19 May, 2021

A Timothy Donnelly Poem Pulled from My Files


by Timothy Donnelly

Thereafter it happened there would be no future
arrangements made as the present had begun
handing itself over to then past with such vehemence
whatever happened already happened before
or stopped its happening the moment it began.
To look forward meant looking in where you stood
astonished to be looking behind you instead
into the distance where the water's surface split
and spread to a pane of undisturbed waters.
Arguments among half-thoughts could continue
then as now and did, scattering particles
of gray on more gray, an expanse pinned down
at the corners but taught by a sea-wind to shudder
nonstop. To stand an oculus among that sea's
gray arrangements meant scattering half-
thoughts to such astonishment that whatever
began to happen split, spread, and handed itself
over to a past where having happened meant more
being stopped. To look with vehemence
disturbed the water's surface as arguments
wind made of the future now shuddered
distantly behind you. To look forward back into
the expanse of such waters meant to want
momentarily not to continue, seeing as to continue
meant what it did, but thereafter already
even to want that bled to no particular gray.

* * * * *

This poem comes from Timothy Donnelly's breathtaking collection The Cloud Corporation, a book of poems I stalked through some time ago. (I use "breathtaking" in both of its senses, because Donnelly's poems often consist of long, sinuous sentences that writhe and wriggle wonderfully, like those by no other poet I've read, and leave out-loud readers who don't pace themselves gasping.) Even though my take on "Bled" is of a poem specific to a place and time – possibly written during, or soon after, a long, morose seaside contemplation of life's ultimate futility – its subject is time, or, more specifically, the speaker's remembrance thereof. This is particularly fitting subject, in light of my frame of mind in recent days.

Zen studies lead one to understand that emptiness is clear and transparent, without quarters such as north, south, east, and west, nor separate time periods of past, present, and future. And since emptiness, in the Zen sense of the term, pervades everything, the idea time itself can be said to be meaningless. (Most theoretical physicists, and Mr. Donnelly, in this poem, probably agree.) But here we are, human beings stumbling around in the phenomenological universe, and what've we got? Nostalgia, homesickness, worry, fear – a host of emotions tied to time, and not a whole hell of a lot we can do about it. Write a poem, maybe. Sit with yourself, quietly, for a while. There are things, not all of them equally effective.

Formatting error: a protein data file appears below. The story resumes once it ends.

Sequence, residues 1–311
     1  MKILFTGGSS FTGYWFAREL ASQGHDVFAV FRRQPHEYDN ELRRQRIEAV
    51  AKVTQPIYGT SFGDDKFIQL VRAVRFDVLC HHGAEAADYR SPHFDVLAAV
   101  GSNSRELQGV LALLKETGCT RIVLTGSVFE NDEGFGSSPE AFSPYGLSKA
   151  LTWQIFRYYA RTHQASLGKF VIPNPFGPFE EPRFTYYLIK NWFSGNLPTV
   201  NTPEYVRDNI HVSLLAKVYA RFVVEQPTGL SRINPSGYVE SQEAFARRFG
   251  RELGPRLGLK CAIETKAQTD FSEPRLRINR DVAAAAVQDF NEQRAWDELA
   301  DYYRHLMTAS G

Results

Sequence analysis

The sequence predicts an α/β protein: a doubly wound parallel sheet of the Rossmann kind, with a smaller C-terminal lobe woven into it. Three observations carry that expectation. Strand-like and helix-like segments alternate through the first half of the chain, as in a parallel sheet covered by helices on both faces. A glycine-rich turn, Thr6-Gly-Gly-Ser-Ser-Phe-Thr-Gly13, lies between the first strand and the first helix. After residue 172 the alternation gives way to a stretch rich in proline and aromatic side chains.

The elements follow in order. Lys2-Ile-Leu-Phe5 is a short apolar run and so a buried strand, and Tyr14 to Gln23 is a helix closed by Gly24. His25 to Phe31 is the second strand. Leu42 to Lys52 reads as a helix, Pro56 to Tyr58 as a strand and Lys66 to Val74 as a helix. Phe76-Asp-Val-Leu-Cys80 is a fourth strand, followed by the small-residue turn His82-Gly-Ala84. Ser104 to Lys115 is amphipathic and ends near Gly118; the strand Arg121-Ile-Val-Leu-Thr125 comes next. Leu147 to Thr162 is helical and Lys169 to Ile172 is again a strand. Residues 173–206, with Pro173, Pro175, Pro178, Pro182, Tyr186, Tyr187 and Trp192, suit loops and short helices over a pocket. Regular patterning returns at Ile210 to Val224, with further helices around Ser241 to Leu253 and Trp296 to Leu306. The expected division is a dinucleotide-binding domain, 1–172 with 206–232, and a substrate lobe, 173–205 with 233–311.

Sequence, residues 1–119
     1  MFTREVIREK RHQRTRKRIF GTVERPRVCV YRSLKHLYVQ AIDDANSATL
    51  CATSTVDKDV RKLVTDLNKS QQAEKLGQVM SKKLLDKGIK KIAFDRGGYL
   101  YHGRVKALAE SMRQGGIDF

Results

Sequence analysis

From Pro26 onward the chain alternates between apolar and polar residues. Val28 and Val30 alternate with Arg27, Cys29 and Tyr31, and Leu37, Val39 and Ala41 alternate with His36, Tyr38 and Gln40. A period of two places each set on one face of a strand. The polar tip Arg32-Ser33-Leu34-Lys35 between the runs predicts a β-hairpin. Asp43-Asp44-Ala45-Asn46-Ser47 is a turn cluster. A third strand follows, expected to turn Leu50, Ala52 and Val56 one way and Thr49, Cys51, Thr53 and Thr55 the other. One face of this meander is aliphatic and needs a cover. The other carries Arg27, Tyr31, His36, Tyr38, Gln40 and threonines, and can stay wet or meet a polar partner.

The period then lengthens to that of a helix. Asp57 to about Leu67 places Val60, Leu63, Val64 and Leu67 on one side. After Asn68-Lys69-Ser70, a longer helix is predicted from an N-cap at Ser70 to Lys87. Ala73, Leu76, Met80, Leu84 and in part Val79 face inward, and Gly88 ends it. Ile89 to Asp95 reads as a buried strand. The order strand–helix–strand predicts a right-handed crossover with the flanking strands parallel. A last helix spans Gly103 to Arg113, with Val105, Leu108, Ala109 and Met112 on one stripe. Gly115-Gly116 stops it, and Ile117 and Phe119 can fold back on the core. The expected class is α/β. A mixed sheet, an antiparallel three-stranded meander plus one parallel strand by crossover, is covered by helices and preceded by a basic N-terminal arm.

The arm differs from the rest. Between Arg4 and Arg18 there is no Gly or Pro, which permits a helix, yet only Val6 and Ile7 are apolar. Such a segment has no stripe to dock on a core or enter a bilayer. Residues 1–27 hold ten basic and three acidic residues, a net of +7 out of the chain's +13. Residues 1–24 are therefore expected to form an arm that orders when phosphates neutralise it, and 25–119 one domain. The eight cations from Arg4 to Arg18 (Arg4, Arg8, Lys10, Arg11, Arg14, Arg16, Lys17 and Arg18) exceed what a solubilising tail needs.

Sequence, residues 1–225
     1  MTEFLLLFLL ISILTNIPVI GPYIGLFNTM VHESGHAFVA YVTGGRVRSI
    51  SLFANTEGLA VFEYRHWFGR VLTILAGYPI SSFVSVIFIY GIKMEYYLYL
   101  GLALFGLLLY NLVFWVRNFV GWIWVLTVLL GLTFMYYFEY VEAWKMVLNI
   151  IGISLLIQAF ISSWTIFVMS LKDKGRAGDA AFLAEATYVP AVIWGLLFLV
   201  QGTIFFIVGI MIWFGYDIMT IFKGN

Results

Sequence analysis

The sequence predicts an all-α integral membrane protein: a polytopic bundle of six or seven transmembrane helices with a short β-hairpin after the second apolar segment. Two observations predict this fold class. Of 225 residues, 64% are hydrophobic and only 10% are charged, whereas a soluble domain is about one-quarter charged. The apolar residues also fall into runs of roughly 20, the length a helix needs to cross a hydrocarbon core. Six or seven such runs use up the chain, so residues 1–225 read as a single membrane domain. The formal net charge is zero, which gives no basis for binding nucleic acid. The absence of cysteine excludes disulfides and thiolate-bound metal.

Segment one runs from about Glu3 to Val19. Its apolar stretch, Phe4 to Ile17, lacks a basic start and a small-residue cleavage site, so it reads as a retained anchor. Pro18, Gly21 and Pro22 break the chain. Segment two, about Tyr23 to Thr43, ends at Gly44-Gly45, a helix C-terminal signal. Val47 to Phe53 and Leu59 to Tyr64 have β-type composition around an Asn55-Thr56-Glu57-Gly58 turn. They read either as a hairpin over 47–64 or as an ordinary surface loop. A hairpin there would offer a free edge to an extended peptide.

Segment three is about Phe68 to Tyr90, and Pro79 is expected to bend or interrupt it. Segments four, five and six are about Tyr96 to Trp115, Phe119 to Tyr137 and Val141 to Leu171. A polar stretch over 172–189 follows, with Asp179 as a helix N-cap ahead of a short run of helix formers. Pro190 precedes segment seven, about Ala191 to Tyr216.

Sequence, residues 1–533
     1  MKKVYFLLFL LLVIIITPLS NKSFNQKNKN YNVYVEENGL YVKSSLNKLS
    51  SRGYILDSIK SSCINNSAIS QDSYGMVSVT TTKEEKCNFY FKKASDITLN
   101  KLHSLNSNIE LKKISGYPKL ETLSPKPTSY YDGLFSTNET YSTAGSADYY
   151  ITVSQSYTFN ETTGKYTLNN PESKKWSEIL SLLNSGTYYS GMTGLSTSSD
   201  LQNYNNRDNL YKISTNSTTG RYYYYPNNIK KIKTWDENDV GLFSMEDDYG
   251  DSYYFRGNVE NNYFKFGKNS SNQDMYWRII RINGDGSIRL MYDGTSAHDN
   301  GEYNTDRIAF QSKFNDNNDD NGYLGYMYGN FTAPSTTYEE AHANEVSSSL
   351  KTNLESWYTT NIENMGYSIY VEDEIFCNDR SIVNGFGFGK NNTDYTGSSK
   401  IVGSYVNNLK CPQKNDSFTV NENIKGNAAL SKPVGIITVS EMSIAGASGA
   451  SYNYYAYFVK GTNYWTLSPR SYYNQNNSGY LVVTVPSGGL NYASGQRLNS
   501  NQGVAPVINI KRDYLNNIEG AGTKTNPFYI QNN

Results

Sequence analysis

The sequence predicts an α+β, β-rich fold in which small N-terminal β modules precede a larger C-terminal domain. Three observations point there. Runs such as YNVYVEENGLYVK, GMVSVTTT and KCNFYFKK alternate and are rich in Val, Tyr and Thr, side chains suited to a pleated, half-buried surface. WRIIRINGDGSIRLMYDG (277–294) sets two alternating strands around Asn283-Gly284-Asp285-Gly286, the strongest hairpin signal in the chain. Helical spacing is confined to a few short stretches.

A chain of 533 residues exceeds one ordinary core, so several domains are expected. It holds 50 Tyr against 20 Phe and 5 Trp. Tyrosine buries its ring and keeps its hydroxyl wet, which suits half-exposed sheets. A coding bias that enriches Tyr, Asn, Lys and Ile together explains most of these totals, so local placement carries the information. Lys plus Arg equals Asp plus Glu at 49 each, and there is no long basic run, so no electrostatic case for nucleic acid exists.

I think that's what Donnelly is getting at, here. He comes off, at times, in his work, as a fatalist, and "Bled" certainly shows us that side of him. There's an almost audible sigh of futility in the poem's denouement, those last lines where he declares that, although making an effort in life is meaningless, wishing that things were otherwise is equally meaningless. I love this poem for its resignation to what Albert Camus called the Theater of the Absurd, and for its bitter-heart-on-its-sleeve honesty.

05 May, 2021

Back at the End of the Walk

While brushing my teeth with the teeny, tiny toothbrush I bought in the prison canteen, I notice a piece of paper reflecting from over my shoulder, in the mirror. I haven't noticed it there before now, yet it definitely isn't new. Its yellowing corners curl inward; the paper looks exhausted, as if it can't wait to turn in for the day. Although the words are bold and black, it's curled so much that I can't read the message.